Opinion The Tattoo

Police brutality in keeping with government’s anti-student agenda

LONDON — Students from all over the United Kingdom took to the streets in protest last Thursday against the proposed rise in university tuition fees and cuts to education funding.
In many places violence flared up from both protestors and from police.
Media coverage the next day focused on an attack on Prince Charles and Princess Camilla while the behavior of the police was once again ignored.
I have been to two protests, the one last week and another on Nov. 24. On both occasions I witnessed the unconstitutional brutality of police tactics and watched on as protestors were wound up until a few eventually gave in and became violent.
The most controversial of these police tactics is “kettling,” where riot police surround protestors and will not let them out.
As with anyone who is forced to stay within a confined space, this drives the protestors to violence. More importantly, it also denies them basic human rights.
Indeed, the right to peaceful protest is one of the most important rights we have but it becomes increasingly difficult to exercise when you are being forced into or are at risk of confinement.
On Nov. 24, there was a recognized march to Downing Street, where the prime minister lives. The police had been given the required legal notice and had consented to the march.
Arriving at Whitehall, I saw an angry but peaceful protest.
After about an hour, the riot police had the protest surrounded. The vast majority of people inside had committed no crimes and there were enough police officers to deal with those who had.
Yet everyone was trapped within a loose but impenetrable police cordon.
At this point, the police decided to push everyone out of Whitehall.
Despite the legality of the protest – prearranged by the student unions with the police – we were denied our democratic right to protest.
Unsurprisingly, people refused to move, and were forcefully pushed back by riot police.
Bearing in mind that this march included people who were as young as 11, what happened next was dangerous and simply disgusting: The police ordered their horses to charge at the protesters, forcing them to flee.
After forcing us down Whitehall, the police then opened a gap in the kettle they had created.
Having been confined for so long, and following the brutality of the horse charge, the protestors ran out of the gap and into the streets. Police seemed to accept that students could run then amok.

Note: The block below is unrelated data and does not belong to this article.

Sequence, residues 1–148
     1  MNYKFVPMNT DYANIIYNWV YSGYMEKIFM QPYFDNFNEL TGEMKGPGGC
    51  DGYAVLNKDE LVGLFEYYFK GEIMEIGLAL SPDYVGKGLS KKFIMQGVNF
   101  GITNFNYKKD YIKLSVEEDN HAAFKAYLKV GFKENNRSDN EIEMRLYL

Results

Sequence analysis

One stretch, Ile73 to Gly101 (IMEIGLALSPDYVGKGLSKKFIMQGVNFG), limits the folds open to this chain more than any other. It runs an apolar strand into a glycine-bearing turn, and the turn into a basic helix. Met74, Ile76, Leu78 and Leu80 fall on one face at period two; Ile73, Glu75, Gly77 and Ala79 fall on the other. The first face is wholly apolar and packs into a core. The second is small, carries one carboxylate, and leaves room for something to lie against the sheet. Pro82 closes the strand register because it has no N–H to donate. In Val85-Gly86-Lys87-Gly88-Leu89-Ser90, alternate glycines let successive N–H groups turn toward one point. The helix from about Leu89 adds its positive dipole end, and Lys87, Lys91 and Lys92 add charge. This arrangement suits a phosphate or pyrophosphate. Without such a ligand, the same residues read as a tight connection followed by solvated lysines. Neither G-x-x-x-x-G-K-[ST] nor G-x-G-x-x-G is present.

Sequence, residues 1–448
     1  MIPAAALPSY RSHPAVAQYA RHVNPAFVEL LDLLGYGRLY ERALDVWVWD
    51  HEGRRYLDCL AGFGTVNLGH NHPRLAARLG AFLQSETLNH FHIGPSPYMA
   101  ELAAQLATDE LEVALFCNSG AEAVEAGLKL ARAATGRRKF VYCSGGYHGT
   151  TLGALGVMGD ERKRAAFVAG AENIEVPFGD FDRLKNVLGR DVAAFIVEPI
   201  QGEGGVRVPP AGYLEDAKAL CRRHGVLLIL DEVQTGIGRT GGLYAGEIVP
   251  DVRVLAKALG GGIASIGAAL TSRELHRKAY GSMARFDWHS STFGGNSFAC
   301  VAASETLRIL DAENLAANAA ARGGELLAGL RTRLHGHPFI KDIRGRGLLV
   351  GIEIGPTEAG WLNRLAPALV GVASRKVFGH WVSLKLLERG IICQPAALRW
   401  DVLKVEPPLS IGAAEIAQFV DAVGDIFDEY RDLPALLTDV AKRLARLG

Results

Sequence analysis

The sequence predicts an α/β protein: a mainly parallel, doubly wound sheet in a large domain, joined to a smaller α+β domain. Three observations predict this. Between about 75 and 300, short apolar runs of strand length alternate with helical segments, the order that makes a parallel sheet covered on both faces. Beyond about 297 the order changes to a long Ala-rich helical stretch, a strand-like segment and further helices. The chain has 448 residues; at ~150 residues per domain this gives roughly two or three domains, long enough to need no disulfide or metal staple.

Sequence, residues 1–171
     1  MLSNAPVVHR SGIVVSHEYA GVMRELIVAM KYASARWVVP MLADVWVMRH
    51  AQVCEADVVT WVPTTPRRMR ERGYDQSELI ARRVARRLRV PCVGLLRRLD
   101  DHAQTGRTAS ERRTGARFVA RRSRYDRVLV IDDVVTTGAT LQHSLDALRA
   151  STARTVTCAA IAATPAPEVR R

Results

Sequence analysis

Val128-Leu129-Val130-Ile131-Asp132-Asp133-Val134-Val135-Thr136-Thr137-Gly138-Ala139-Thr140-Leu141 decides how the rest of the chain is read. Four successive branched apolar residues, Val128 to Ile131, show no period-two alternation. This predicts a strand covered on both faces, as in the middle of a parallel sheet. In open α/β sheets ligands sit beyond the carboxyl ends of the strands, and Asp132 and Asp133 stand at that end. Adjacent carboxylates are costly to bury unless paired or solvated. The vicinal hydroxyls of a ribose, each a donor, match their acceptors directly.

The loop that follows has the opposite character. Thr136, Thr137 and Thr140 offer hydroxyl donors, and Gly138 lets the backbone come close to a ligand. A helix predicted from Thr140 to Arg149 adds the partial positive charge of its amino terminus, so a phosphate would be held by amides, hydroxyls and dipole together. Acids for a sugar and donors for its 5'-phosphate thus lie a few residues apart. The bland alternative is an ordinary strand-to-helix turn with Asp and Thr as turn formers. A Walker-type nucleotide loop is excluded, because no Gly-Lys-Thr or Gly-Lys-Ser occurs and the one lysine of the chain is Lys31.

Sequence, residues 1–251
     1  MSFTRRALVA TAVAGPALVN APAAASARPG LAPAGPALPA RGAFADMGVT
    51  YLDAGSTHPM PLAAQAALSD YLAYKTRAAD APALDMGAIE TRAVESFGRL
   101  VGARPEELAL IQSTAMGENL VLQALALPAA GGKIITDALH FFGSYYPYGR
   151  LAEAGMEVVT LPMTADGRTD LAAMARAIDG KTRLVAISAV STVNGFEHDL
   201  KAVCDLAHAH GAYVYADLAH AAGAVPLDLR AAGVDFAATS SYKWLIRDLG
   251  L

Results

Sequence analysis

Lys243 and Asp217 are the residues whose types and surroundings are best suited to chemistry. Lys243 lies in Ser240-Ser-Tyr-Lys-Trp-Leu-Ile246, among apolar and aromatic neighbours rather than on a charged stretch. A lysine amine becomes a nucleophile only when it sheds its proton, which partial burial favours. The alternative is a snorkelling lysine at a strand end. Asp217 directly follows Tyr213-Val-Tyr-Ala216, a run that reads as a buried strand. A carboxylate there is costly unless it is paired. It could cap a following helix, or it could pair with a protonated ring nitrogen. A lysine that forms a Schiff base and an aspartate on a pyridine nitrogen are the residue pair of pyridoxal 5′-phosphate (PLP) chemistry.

It had been cleverly timed to provide news crews with footage of protestors running riot and to showcase the need for more police funding.
The Metropolitan police later issued a statement claiming “the use of police horses to disperse and distance the crowd was an appropriate and proportionate tactic at the time.”
The statement said, too, that “the police horses were trotting.”
This was simply untrue.
The horses charged the students.
If nothing else, the use of horses was unnecessary because the march was legal. As we have the right to protest, the police have no right to force the protest to disperse through the use of violence.
It is no surprise that the week before this happened, the government had announced that they were cutting funding for mounted police. Clearly part of the reason for their deployment was as an advertisement for the necessity for the police to have horses.
My experiences last Thursday were slightly different.
Those inside the kettle last week told me they were detained for many hours without food or water. People who were not allowed to leave were forced to urinate within the kettle – and a few were even arrested for it.
However, I did not even make it that far.
Having arrived slightly later than the last time, I soon realized the second major problem with the tactic of kettling. Not only does it restrict your right to protest from inside the kettle but it also restricts your rights if you are outside the police cordon.
I was simply not allowed in. How, after all, can I possibly have the right to peacefully protest but then be barred from that protest?
So how did the police get away with their behavior and why does this violence benefit them?
The answer lies in the demographic of the protestors.
Students and young people in general tend to have low voter turnout and are seen as apolitical.
So the police believe that they can scare us away from protesting through the use of violence since they think that we do not hold strong political beliefs.
Moreover, with low voter turnout they feel that they have little to worry about come the election as young people will not turn out in enough numbers to make a significant difference to governmental policing strategy.
The police don’t think that we are dangerous to the public.
They think that if they kettle us then we won’t try to protest again.
They are deliberately encouraging students to be violent by leaving unprotected police vans in the middle of protests.
Really, this is what the protest was about in the first place. Students are fed up with being ignored and treated as a post-ideological generation who don’t care about politics.
In many ways the actions of the police showed remarkable similarities to the actions of the government that we were protesting against.
The police are not serving as impartial protectors of public. They have demonstrated a clear bias towards the government and towards self-gain.
It’s obvious the police are on the side of a government that is declaring war on a whole generation.

Noah Kidron-Style is a Junior Reporter for Youth Journalism International.

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